Yea, that n00b is me. i need help overclocking my 64 3000+. i have an asus A8V-E Deluxe, and i do have AI Nos (whatever that is) turned onto 5%, making my clock speed 1890, instead of 1800. i would like to learn how to do this myself without an automatic setting. i want to learn how to do it manually. any help here would be nice. i got this from another user:
so if you could add to that, or explain some of the things in there, it would be great. thanks alot.
well for both of you who are looking for how to OC it is best done via the BIOS. senshikaze you should probably start your own thread because as each of you start you'll run into different circumstances and questions and it would be best to keep things separated.
but here's a basic starter.
to OC you raise the htt frequency. your cpu speed is determined by htt frequency x cpu multiplier so 3000+ has a 9x multi so 9x200 = 1.8Ghz. the htt also determines your RAM frequency but it is multiplied by 2 so 200 x 2 = 400 or DDR400. your hyper transport frequency is also dependant on the htt frequency by default the multi is 5x so 5x200=1000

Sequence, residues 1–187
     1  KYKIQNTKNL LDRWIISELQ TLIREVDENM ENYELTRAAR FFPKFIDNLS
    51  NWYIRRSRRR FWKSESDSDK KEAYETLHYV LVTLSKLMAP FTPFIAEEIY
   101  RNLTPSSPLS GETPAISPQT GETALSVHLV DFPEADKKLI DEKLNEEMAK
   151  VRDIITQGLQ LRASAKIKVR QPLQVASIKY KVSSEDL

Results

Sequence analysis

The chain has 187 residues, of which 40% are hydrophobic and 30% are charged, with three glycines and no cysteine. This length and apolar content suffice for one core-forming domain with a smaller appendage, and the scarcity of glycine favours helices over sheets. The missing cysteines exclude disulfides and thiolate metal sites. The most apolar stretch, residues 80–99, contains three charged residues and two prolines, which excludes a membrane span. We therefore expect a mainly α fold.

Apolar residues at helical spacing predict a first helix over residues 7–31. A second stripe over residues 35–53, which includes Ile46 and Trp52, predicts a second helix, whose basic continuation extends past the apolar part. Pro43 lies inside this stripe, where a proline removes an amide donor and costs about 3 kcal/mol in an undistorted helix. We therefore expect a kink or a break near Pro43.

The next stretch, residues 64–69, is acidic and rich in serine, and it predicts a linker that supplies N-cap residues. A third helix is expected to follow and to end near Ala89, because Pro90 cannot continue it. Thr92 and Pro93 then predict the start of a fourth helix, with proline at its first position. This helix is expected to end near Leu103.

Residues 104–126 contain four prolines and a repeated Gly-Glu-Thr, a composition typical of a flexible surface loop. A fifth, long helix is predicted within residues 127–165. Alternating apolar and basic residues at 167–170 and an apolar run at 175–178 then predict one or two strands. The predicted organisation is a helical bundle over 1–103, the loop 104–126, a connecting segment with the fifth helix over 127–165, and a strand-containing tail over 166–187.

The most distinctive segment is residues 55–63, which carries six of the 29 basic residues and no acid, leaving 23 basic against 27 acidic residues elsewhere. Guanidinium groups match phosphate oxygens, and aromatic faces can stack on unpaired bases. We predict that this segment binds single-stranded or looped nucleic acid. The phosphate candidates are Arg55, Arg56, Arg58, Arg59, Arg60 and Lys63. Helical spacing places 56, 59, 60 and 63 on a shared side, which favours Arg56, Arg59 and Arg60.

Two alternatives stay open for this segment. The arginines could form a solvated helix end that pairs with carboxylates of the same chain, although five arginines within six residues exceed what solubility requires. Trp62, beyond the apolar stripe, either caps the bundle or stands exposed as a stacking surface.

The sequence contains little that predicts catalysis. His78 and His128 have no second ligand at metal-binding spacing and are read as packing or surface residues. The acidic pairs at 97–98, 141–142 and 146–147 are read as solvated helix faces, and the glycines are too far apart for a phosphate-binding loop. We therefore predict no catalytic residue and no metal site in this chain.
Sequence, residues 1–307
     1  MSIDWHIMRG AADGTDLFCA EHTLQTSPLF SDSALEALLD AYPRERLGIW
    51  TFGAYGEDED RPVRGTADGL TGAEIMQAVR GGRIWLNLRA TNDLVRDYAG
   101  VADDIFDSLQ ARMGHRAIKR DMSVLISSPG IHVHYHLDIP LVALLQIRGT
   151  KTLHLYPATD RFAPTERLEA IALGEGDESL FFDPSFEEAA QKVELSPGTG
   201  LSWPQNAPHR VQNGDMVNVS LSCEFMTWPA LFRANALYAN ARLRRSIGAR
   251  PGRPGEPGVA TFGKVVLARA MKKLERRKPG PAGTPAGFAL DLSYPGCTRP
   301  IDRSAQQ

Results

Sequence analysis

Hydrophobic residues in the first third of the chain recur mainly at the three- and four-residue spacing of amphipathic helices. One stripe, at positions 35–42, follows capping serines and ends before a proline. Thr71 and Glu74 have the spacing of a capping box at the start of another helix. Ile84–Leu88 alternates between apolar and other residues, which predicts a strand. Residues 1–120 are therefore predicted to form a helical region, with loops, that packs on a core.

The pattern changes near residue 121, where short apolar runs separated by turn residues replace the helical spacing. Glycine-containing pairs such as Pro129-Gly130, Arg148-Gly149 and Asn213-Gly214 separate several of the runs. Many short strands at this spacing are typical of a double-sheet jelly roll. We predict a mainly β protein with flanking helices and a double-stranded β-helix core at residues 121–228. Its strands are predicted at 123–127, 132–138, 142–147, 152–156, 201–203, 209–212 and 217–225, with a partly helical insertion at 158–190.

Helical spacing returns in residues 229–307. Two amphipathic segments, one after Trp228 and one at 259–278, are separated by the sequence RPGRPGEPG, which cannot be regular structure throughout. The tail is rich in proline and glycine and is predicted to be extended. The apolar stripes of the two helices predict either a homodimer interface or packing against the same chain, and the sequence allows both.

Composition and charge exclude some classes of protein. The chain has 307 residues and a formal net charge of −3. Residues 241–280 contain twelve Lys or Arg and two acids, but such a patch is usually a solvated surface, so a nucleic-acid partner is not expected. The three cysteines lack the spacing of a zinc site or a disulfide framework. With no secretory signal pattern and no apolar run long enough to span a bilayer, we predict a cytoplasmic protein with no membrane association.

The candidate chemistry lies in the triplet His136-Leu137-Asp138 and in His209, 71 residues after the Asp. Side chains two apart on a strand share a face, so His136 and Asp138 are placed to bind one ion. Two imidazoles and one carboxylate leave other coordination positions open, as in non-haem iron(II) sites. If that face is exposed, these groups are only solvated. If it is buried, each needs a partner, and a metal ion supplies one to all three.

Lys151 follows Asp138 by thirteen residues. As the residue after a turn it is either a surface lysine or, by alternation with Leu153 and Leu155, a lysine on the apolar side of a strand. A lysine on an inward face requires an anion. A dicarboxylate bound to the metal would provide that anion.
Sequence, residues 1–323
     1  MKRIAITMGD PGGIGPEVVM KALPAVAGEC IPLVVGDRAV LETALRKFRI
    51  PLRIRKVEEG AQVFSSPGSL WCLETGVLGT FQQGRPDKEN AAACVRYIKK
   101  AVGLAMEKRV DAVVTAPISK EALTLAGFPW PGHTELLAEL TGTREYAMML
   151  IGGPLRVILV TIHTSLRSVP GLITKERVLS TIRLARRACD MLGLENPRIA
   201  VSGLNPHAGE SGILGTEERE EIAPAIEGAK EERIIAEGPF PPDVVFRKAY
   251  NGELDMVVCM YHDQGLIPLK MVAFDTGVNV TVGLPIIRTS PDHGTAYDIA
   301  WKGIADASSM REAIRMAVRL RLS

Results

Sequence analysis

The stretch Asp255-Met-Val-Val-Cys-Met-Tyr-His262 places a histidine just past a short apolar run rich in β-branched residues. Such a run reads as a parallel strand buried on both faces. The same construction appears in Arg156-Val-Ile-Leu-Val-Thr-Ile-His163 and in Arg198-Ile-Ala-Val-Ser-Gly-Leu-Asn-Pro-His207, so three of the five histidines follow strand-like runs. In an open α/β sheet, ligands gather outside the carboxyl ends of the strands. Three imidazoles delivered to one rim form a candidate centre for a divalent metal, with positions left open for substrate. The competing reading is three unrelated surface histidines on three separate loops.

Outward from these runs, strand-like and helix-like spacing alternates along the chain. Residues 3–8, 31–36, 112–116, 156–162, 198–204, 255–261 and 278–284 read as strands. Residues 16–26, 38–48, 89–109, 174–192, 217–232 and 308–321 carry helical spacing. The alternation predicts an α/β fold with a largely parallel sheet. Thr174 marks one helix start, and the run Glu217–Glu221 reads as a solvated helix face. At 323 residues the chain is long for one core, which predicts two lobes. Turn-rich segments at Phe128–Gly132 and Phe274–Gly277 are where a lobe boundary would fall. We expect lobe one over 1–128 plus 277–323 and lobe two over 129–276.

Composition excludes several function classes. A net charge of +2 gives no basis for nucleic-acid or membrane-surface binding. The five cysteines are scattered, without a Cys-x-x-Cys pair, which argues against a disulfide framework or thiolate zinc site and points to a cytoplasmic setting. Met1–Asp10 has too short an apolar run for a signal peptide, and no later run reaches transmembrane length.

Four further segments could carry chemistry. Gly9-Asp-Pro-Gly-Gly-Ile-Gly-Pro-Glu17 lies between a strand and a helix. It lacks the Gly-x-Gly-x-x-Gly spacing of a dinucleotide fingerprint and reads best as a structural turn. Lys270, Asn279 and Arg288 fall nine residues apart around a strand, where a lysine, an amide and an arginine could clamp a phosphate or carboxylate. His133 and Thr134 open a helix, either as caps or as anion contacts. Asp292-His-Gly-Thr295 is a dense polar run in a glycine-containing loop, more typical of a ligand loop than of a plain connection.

alright, so you need to find what each component can handle first. so in the bios you'll need to first find what your mobo can do. underclock your cpu by changing your multi to 6 or 7 and set your ram on a dividor of 100 or 200 depending on what your bios calls them. then change the htt multi to 3x and start increasing your htt by about 10mhz at a time until your computer can't boot windows anymore. (if you get past 333 then you'll have to lower your htt multi again) this is your max mobo htt frequency.
now, put your cpu multi back up at 9x and start back at a htt of 200... increase by about 10mhz until your cpu is not prime95 stable for 5 min. once it is not stable lower the frequency until it is. this is your max cpu speed. you can raise your vcore to about 1.55 or so, but watch temps.
once you know what your cpu can do then it's time to find your memory max. underclock your cpu again by setting the multi down. and go into the memory settings. you may have to give it a bit more juice, loosen timings a bit but increase htt again and boot to memtest. once your memory cannot pass memtest it's time to increase voltage, loosen timings or lower frequency.
once you've found the max of all then you'll have an idea how to put it all together. keep in mind that you don't want to run the max all the time but running at 90-95% of the max should be ok as long as you can get your system stable. stable for ram means passing memtest about 20 times and the system being about 12 hours prime stable.
hope this helps.